Edith Hahn Beer was born in 1914 to Austrian Jewish parents Leopold and Klothilde Hahn. Her father was a restaurant owner and faithfully provided for his three daughters and adored their mother. They lived a fairly comfortable middle class life.
Unlike her sisters, Edith loved school – she craved knowledge. Although it wasn’t customary for girls to attend high school and beyond, one of Edith’s teachers recommended an exception and her father relented by allowing her to attend high school and continue to university where she planned to fulfill her ambition of becoming a judge – but then the Germans invaded Austria and brought an end to that dream.
During the years when Edith attended the University, Austria experienced waves of political upheaval. The country strove to remain a Christian country, even outlawing the Socialist Party (Edith herself was a socialist). After the rise of the Austrian Nazis, socialist leaders were assassinated and suspected socialists were interrogated. Edith thought she would have enjoyed being detained but somehow no one ever paid her much attention. She and her boyfriend Pepi managed to stay below the radar, however – something she would need in later years when Jews were persecuted and sent away to camps.
Edith tells a story of how dramatically her life was altered after Germany invaded Austria and began their relentless pursuit of Aryan superiority. Edith was forced out of the university just short of completing her degree and was sent away to a work farm in Germany. When she was finally able to return to Vienna (her mother had been sent away to Poland) she made a decision that would dramatically alter her life. A friend allowed Edith to “borrow” her identity which allowed her to be identified as an Aryan and relocate to Germany. Grete Denner, as she became known, had a chance encounter in Munich which brought a man into her life who would serve as protector and later her husband – someone who worked for the Nazis and later was drafted into service as an officer late in World War II.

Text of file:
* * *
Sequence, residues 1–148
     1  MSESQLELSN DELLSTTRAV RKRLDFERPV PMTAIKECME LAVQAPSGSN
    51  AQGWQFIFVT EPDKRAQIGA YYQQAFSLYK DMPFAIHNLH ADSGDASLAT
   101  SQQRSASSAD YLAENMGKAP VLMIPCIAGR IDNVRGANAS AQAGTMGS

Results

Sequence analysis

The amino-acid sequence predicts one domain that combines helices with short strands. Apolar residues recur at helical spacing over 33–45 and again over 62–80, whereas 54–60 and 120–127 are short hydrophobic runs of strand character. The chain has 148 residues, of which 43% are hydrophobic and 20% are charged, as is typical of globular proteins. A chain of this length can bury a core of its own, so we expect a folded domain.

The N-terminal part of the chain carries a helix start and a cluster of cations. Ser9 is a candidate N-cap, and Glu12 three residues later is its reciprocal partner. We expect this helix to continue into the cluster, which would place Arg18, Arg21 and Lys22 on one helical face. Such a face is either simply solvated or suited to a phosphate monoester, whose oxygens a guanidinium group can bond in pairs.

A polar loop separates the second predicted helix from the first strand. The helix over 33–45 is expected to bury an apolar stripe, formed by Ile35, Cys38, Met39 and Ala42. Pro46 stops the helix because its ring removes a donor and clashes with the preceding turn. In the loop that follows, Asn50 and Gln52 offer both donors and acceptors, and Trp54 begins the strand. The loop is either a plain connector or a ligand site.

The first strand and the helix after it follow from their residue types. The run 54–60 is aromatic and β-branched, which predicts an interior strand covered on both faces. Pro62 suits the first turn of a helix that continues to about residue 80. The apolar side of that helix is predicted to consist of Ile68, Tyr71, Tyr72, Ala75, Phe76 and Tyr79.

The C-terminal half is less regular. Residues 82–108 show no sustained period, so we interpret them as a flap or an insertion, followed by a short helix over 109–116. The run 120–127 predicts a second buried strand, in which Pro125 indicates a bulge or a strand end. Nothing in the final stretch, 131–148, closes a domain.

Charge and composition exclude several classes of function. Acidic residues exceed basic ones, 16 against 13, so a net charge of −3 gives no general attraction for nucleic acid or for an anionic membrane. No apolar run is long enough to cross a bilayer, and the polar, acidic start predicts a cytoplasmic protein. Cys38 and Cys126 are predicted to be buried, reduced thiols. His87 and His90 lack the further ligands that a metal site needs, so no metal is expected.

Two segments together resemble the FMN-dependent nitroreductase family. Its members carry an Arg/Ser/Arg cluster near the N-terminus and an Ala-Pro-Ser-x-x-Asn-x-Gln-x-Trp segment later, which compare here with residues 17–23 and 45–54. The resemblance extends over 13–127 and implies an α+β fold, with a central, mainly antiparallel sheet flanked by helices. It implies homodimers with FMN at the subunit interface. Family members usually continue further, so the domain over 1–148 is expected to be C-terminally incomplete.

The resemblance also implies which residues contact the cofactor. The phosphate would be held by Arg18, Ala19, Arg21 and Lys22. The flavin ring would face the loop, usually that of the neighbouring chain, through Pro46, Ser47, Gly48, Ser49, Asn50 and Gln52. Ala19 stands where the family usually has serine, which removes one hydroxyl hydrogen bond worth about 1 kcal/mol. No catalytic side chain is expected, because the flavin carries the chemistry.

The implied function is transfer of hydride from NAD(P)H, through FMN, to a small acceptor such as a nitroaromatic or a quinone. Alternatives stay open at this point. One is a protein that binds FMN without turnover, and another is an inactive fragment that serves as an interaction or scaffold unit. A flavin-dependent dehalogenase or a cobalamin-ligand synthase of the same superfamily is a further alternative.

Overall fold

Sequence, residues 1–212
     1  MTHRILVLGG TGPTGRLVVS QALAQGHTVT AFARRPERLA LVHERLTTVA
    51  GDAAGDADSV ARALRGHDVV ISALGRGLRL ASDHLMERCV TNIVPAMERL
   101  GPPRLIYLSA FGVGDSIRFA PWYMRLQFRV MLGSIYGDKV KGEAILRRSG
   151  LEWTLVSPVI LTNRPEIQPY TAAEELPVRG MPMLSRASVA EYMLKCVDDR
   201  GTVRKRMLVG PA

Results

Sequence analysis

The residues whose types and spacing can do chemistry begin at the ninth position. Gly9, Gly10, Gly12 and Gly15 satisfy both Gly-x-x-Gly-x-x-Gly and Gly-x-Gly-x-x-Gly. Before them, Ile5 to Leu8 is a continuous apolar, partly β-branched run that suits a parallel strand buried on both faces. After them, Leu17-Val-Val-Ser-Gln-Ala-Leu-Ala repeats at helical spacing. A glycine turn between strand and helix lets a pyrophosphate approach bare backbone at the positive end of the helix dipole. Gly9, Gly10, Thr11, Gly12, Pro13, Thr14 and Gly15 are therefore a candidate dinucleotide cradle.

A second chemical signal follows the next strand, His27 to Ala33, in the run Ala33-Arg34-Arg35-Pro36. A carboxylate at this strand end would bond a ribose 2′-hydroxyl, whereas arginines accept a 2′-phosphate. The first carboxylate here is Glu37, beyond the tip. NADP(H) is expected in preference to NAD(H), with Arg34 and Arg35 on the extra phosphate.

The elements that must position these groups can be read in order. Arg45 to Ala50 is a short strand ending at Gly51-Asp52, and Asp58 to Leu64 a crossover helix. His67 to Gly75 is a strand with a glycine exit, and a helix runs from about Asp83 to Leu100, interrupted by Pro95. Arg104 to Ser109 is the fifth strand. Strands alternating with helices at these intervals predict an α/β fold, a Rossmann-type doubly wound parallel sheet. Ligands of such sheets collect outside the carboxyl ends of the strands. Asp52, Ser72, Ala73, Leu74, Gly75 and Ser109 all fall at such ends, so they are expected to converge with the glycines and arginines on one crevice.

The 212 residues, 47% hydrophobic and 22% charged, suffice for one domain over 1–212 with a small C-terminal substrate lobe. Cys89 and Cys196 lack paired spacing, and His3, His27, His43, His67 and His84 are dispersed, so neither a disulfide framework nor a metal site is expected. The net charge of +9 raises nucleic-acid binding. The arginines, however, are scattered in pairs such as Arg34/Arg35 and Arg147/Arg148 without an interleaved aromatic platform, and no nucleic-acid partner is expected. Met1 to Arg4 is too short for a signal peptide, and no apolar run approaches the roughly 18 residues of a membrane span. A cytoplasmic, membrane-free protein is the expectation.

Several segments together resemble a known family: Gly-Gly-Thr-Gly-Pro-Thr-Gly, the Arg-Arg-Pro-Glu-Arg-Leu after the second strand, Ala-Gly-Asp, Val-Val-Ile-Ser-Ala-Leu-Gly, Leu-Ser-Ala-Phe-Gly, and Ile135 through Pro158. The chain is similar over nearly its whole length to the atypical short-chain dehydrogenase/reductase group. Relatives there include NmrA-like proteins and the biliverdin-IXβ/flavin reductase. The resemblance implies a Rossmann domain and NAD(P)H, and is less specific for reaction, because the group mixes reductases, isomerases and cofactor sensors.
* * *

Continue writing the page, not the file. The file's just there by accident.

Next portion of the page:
Edith was always terrified of someone asking for her papers and always had her rehearsed story ready should she ever be accosted or interrogated by the Nazis. She managed to live through the war and even thrive as a Nazi’s faithful wife (even though playing the role of doting housewife was opposite of her personality). Later, however, she experienced some guilt (and was the object of Jewish derision) for having gone to the lengths she did to disguise her true identity in order to survive.
Edith’s memoir is a testament of her tenacity and determination to survive, even though some of her family members and friends did not. She eventually left Germany and immigrated to England and in later years made her home in Israel. The book is an amazing story full of harrowing twists and turns in her quest to not only survive but once again become who she really was – a Jewish woman named Edith Hahn.
Have a GREAT day . . . someday it will be HISTORY!
© Sharon Hall (Digging History), 2014.